For Gingrich the riot hit close to home and he responded with fury.

“I was furious. I am furious. Every person who broke into the Capitol has to be arrested and has to be prosecuted,” he said in a Fox News interview the day after the riot. “This is the center of freedom on the whole planet. It’s a symbol for everybody. And what happened yesterday was utterly, totally inexcusable. People should be locked up and punished. And I’m delighted that they’re increasing the preparations for the inaugural because we have to make absolutely certain nothing like this happens again. But as a former House member as well, as you point out, former Speaker, I found it enraging that people who clearly are not patriots — these are people are destructive barbarians and they are frankly criminals, and they should be treated that way and locked up. And I’m very proud of the Capitol Police, that they clearly needed a lot more reinforcements yesterday.”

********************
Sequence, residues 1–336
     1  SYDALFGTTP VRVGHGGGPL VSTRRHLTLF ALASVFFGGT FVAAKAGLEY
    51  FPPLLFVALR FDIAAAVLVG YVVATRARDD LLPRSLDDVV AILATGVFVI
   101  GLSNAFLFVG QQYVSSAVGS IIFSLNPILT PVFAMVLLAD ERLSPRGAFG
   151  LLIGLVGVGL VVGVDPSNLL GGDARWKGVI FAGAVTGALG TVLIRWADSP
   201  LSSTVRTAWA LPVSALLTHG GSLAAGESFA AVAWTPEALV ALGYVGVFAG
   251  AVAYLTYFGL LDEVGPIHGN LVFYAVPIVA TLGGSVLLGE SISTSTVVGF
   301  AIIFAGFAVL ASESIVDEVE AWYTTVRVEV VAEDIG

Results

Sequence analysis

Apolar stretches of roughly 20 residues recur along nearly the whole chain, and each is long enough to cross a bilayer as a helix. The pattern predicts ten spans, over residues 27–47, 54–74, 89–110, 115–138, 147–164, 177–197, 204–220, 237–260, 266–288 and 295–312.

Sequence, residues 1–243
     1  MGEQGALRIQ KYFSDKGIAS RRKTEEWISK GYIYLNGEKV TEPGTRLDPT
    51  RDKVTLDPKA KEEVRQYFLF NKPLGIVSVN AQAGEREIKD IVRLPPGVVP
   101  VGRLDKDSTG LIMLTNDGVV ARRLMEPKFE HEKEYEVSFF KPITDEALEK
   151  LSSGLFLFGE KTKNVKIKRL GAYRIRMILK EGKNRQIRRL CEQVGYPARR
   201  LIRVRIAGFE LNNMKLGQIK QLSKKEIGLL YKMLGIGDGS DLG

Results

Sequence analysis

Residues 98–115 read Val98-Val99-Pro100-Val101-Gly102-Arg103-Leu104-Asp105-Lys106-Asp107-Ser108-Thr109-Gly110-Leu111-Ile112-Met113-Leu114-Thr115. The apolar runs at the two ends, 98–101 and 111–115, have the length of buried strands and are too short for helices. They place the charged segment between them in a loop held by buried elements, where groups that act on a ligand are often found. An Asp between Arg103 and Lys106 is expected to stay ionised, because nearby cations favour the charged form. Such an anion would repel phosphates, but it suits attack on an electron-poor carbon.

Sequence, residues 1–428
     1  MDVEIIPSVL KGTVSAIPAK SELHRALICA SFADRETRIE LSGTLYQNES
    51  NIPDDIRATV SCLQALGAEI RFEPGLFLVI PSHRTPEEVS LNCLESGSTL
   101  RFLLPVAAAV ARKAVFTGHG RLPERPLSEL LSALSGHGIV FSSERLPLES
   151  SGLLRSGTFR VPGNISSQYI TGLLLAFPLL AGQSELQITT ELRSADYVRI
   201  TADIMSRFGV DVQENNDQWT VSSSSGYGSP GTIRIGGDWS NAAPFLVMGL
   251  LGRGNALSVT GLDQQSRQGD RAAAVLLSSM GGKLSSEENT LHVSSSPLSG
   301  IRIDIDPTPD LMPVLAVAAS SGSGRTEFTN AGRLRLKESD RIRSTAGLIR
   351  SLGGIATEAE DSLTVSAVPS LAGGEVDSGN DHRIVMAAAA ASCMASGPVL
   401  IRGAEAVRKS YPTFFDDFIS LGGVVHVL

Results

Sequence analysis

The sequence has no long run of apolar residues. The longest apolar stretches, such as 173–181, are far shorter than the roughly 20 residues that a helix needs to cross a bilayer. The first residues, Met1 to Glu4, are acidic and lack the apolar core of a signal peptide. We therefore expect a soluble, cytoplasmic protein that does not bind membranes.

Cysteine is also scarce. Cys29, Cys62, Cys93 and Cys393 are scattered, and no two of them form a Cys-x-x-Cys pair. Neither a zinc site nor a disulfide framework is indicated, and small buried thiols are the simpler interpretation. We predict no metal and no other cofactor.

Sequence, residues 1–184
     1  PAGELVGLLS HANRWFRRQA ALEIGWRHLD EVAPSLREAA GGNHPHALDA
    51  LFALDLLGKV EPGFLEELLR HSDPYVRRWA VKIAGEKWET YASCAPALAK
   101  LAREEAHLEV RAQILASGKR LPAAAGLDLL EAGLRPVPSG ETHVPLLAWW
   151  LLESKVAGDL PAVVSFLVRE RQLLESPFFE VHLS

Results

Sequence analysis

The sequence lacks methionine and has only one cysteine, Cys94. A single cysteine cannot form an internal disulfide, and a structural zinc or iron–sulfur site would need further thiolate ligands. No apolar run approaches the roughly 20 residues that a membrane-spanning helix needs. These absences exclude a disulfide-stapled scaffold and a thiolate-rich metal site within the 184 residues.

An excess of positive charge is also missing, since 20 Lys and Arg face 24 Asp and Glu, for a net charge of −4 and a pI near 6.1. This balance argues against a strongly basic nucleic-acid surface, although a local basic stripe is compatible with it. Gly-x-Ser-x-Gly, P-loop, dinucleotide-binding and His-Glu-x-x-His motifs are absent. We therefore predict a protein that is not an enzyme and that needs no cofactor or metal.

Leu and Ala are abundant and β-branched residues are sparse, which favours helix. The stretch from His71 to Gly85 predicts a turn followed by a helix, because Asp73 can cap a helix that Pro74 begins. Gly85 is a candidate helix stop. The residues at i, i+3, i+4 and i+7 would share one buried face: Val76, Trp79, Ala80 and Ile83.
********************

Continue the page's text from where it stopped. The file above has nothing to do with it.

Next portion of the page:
In the year since

Gingrich may have been angry over the insurrection but it wasn’t sufficient to permanently turn him from Donald Trump. A mere five months after the insurrection he made the pilgrimage to Mar-a-Lago to craft a new, Trumpist “Contract with America,” the political device that brought a Republican Congress to power and him to the Speakership in 1995.

Details are sparse but the new contract may be unveiled this year in time for the midterms.

“It should be positive,” Gingrich was quoted as saying about it in the publication Politico in May. “School choice, teaching American history for real, abolishing the ‘1619 Project,’ eliminating critical race theory and what the Texas legislature is doing. We should say, ‘Bring it on.’”